Apparently, Cy Vance’s great article in HuffPo on the tragic story of Cameron Todd Willingham (see last week’s post) was just the start. More and more stories are appearing across the country, covering the brutal fact that a man was killed by the State of Texas for the arson murder of his children and only after his death did scientific evidence substantiate what Willingham had been claiming the whole time: it wasn’t arson. He didn’t commit murder. Specifically, he did not commit filicide.
Several of these writings deserve your time, particularly:
“… The report is devastating, the kind of disclosure that should send a tremor through one’s conscience. There was absolutely no scientific basis for determining that the fire was arson, said [arson expert Craig] Beyler. No basis at all….”
The response by editor Michael Landauer in the Dallas Morning News to the statements made by the prosecutor in the Willingham case (who is now a sitting judge in Texas):
“Well, he was a foul-mouthed wife beater. That seems to be the response of the chief prosecutor of the Willingham case….”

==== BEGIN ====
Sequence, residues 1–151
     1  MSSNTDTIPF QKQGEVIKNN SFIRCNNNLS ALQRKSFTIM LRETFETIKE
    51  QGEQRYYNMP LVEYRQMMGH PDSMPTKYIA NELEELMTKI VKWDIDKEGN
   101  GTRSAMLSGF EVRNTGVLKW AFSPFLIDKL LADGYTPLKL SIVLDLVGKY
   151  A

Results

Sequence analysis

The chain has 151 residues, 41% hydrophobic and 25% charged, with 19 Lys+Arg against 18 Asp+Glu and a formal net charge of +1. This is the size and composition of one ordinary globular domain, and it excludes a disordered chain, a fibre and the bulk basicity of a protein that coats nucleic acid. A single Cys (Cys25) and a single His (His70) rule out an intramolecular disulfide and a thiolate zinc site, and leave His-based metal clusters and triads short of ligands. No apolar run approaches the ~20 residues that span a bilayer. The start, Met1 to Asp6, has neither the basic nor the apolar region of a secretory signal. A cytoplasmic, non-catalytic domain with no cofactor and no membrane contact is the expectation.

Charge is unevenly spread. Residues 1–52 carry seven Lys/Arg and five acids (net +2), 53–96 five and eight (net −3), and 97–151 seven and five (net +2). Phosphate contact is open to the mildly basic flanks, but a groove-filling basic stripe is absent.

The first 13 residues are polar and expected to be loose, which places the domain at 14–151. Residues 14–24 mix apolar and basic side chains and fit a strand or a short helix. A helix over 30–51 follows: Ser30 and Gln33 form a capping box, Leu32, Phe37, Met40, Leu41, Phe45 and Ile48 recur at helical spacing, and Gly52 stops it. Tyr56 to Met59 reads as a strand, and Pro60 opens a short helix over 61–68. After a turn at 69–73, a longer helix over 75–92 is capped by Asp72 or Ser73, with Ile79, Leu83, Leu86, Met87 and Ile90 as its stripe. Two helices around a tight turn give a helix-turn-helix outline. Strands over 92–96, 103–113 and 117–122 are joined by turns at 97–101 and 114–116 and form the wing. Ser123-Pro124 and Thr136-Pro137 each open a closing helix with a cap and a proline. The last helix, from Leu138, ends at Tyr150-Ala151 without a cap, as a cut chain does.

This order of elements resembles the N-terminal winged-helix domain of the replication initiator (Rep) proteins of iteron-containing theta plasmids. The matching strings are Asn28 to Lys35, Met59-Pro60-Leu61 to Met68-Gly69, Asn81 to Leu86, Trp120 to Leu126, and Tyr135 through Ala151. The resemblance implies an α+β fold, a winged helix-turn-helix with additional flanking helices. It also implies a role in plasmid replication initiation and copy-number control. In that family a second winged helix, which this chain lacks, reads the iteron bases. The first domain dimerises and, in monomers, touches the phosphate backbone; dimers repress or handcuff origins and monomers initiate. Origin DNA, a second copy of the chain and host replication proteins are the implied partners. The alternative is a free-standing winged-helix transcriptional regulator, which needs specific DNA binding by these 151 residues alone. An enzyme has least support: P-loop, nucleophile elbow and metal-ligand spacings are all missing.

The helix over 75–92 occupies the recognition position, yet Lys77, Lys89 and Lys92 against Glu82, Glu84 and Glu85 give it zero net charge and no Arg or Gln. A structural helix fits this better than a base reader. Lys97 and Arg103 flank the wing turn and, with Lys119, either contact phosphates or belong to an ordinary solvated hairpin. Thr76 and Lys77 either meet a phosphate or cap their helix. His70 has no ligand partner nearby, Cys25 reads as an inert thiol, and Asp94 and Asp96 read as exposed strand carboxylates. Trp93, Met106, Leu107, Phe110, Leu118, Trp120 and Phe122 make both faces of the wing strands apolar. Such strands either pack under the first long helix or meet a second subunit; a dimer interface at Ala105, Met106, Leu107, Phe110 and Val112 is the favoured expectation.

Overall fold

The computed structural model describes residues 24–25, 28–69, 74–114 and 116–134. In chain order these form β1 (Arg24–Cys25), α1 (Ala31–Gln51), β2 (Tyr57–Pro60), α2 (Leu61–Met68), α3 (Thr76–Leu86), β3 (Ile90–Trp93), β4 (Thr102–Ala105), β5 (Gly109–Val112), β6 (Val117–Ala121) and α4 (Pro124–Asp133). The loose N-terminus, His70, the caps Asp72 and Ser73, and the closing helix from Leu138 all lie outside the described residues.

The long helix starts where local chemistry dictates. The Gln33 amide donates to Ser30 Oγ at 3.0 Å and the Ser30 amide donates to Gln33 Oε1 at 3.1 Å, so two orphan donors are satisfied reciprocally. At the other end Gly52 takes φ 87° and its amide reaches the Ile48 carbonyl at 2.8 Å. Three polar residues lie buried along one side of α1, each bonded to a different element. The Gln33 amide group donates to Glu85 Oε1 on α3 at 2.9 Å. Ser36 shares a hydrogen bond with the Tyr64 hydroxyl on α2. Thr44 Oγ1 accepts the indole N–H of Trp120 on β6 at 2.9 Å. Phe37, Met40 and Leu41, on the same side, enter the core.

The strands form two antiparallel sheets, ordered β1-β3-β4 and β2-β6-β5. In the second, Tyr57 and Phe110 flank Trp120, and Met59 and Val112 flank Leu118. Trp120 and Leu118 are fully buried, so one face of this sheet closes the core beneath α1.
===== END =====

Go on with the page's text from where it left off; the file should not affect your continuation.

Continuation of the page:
And, the long, in-depth investigative piece by in the New Yorker, which goes into great detail and obviously took great effort both in investigation, research, and writing, published this month and written by David Grann, who provides Cameron Todd Williingham’s last words:
“…’The only statement I want to make is that I am an innocent man convicted of a crime I did not commit. I have been persecuted for twelve years for something I did not do. From God’s dust I came and to dust I will return, so the Earth shall become my throne.’ “
This coverage is important and the more discussion is had in this country regarding the tragedy of Cameron Todd Willingham’s case, the better. One can only wonder why it took from 2004, when Willingham was executed until now — five years later — for this travesty to come into the national spotlight.
Let’s all hope that somehow, this brings some peace to the Willingham family. The arson was a terrible accident. Those babies did not die at the hand of their father, and this confirmation should bring some relief to these folk.
The injustice of the execution? Our prayers and our compassion go out to them as they deal with this reality.